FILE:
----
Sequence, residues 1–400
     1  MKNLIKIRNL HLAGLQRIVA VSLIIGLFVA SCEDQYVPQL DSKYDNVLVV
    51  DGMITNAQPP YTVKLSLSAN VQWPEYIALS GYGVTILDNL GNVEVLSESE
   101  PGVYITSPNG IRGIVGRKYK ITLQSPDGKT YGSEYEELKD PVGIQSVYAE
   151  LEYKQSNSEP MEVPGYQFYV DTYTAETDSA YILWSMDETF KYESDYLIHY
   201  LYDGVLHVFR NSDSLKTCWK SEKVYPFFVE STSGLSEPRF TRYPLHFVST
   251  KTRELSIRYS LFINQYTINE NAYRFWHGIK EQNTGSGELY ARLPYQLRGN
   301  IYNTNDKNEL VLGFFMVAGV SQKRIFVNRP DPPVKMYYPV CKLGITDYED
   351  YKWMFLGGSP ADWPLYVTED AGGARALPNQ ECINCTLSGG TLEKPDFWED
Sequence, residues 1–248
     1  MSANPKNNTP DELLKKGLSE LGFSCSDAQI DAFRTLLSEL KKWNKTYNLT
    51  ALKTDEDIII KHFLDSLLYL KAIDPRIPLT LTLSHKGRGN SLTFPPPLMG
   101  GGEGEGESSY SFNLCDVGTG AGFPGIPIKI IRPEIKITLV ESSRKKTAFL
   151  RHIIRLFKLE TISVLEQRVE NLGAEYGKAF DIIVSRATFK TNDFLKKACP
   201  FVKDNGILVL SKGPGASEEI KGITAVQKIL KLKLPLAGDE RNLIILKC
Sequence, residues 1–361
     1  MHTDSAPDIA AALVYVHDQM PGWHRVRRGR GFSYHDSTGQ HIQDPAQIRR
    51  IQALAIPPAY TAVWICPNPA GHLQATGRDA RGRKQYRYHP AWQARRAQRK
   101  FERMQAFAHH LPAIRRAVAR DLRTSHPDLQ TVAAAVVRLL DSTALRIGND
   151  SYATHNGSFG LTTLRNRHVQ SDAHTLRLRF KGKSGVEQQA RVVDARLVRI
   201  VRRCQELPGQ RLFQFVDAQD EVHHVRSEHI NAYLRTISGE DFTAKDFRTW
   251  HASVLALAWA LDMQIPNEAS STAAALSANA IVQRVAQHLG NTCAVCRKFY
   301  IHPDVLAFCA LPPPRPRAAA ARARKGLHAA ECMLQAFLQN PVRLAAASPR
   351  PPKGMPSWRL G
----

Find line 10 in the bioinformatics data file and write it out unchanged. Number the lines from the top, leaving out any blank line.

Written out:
Sequence, residues 1–248